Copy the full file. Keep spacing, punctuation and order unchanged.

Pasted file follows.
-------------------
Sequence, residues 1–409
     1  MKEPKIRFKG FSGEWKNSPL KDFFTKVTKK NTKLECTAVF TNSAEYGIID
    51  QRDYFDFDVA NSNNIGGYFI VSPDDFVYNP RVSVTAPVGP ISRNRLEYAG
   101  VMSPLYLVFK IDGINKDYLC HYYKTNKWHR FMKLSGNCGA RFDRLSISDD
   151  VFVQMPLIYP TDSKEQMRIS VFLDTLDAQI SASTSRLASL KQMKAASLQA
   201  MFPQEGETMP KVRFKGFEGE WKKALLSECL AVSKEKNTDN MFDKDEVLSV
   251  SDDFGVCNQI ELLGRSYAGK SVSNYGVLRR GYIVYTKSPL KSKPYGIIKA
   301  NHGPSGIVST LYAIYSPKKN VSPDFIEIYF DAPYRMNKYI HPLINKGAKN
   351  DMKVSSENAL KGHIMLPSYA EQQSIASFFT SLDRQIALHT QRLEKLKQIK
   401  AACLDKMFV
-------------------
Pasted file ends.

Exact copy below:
Sequence, residues 1–409
     1  MKEPKIRFKG FSGEWKNSPL KDFFTKVTKK NTKLECTAVF TNSAEYGIID
    51  QRDYFDFDVA NSNNIGGYFI VSPDDFVYNP RVSVTAPVGP ISRNRLEYAG
   101  VMSPLYLVFK IDGINKDYLC HYYKTNKWHR FMKLSGNCGA RFDRLSISDD
   151  VFVQMPLIYP TDSKEQMRIS VFLDTLDAQI SASTSRLASL KQMKAASLQA
   201  MFPQEGETMP KVRFKGFEGE WKKALLSECL AVSKEKNTDN MFDKDEVLSV
   251  SDDFGVCNQI ELLGRSYAGK SVSNYGVLRR GYIVYTKSPL KSKPYGIIKA
   301  NHGPSGIVST LYAIYSPKKN VSPDFIEIYF DAPYRMNKYI HPLINKGAKN
   351  DMKVSSENAL KGHIMLPSYA EQQSIASFFT SLDRQIALHT QRLEKLKQIK
   401  AACLDKMFV